A Word From Verywell

It can be difficult to realize that you are in an enmeshed family and even more difficult to figure out how to make healthy changes to become independent and set boundaries within your relationships. Know that you are not alone. Many people experience relationships that foster dependence and need to learn to set boundaries, and there are ways to start becoming more independent.

Through boundary setting, mindfulness, and practice, you can become more autonomous and develop a sense of self that is separate from others' opinions. Talking to a mental health professional can also give you the tools you need to form healthy relationships.

Frequently Asked Questions

  • How similar are enmeshed relationships and codependency?

    Enmeshment and codependency are very closely related. People who come from enmeshed families learn that they need to rely on others for their self-worth. They also are taught that their emotional reactions are not separate from others' emotional responses.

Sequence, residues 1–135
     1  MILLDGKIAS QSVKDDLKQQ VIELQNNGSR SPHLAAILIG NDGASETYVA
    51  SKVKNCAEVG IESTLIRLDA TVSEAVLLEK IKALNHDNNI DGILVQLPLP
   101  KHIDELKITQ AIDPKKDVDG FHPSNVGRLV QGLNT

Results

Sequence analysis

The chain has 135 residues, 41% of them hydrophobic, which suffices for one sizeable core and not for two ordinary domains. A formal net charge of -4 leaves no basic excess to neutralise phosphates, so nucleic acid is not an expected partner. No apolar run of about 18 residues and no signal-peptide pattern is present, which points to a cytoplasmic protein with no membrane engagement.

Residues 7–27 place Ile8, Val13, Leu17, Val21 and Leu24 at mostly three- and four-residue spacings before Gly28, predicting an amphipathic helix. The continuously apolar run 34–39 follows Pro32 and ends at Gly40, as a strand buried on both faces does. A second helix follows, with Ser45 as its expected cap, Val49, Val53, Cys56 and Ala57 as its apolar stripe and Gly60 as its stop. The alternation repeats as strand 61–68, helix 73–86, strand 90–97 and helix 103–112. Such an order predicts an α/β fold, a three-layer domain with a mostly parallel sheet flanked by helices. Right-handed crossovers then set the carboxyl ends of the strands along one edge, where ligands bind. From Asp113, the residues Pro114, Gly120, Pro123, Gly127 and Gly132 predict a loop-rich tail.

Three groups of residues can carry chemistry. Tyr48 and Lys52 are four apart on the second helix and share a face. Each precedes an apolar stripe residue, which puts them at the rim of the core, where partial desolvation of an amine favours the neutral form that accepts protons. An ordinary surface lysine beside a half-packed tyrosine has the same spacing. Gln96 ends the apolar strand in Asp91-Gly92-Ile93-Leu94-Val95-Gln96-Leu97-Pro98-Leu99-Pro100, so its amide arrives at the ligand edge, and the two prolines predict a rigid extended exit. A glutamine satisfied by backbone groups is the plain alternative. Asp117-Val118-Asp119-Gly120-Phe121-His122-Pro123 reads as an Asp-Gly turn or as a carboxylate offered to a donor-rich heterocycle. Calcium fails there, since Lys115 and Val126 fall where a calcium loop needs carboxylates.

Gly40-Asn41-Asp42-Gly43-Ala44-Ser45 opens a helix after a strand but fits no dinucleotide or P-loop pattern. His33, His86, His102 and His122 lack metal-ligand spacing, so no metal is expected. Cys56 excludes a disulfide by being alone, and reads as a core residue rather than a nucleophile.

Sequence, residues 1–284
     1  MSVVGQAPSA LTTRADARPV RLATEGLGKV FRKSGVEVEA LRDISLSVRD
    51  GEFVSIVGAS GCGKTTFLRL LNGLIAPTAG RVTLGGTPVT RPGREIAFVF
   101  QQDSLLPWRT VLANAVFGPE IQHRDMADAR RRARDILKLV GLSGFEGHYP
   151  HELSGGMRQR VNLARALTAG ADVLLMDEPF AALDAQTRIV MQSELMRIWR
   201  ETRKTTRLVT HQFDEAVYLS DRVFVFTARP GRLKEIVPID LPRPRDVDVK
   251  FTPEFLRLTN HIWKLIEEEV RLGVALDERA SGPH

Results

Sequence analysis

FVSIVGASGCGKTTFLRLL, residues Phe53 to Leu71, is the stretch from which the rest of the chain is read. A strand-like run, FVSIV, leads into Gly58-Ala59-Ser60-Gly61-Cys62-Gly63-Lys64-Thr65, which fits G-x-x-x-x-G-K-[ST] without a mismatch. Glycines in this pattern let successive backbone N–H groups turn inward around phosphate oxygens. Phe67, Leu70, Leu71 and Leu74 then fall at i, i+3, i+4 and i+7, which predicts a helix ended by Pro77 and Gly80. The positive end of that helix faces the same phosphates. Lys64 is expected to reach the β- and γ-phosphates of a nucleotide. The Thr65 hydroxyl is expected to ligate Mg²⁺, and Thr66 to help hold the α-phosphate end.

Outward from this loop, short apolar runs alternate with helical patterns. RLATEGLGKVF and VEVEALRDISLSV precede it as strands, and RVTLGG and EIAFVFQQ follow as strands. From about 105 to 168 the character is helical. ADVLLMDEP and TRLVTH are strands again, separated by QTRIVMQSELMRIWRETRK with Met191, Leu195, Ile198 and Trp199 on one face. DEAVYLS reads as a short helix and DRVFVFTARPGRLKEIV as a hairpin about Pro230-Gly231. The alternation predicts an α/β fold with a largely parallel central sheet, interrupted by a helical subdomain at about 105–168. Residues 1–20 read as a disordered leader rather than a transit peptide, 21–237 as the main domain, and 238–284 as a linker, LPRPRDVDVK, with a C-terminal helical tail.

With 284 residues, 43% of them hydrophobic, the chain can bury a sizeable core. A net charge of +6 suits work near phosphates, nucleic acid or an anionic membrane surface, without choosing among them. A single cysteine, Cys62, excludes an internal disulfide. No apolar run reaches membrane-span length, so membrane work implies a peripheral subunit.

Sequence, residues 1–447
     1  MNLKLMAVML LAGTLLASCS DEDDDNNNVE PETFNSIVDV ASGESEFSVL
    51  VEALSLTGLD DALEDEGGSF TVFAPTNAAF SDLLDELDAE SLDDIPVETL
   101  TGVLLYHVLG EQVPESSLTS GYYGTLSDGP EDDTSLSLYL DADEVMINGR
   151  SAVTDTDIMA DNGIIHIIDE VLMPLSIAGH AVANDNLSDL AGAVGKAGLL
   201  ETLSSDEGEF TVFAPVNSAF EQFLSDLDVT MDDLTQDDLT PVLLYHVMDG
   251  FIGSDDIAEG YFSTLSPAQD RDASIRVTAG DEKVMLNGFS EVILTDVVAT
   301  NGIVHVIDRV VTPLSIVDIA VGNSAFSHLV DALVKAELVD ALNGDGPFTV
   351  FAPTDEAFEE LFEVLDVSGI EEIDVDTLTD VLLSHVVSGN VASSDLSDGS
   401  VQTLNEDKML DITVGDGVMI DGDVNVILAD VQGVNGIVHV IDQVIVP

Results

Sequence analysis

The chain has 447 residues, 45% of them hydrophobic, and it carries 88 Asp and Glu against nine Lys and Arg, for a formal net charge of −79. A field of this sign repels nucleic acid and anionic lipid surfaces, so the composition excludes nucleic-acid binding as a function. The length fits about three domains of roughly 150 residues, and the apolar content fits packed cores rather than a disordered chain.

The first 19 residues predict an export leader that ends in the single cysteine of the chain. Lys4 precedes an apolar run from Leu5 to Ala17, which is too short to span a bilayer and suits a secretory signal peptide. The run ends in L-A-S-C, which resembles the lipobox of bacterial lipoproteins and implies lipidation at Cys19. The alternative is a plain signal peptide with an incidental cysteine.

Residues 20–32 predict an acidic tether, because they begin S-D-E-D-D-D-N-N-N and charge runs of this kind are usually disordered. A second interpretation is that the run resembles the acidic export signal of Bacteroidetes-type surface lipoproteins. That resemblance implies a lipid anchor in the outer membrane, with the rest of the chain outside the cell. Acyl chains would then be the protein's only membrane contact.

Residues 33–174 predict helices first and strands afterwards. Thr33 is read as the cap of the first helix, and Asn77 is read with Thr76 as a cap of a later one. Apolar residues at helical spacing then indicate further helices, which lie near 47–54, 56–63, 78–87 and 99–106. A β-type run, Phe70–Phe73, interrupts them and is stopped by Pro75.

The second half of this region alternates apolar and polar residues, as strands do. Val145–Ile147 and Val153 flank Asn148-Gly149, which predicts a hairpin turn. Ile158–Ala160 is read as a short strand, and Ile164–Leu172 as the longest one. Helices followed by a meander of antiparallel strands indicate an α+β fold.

Coming from enmeshed families teaches codependency. It becomes difficult to have your own thoughts and feelings, and you might take on others' needs, wants, and responses as your own. You might also excuse negative or unhealthy behaviors because it's too difficult to set boundaries.

  • Is enmeshment linked to mental health issues?

    Enmeshment is a form of emotional abuse. Living through any kind of abuse can lead to mental health issues. Some common mental illnesses that are connected to enmeshment include depression, anxiety, substance misuse, and eating disorders.

  • Can people in enmeshed relationships change?

    When you come from an enmeshed family, it can be very difficult to change on your own. Learning to change will take hard work and time. Utilizing skills like meditation and mindfulness and working with a mental health professional can provide the tools and emotional support needed to take steps toward setting boundaries, saying no, and developing an internally derived sense of self.

2 Sources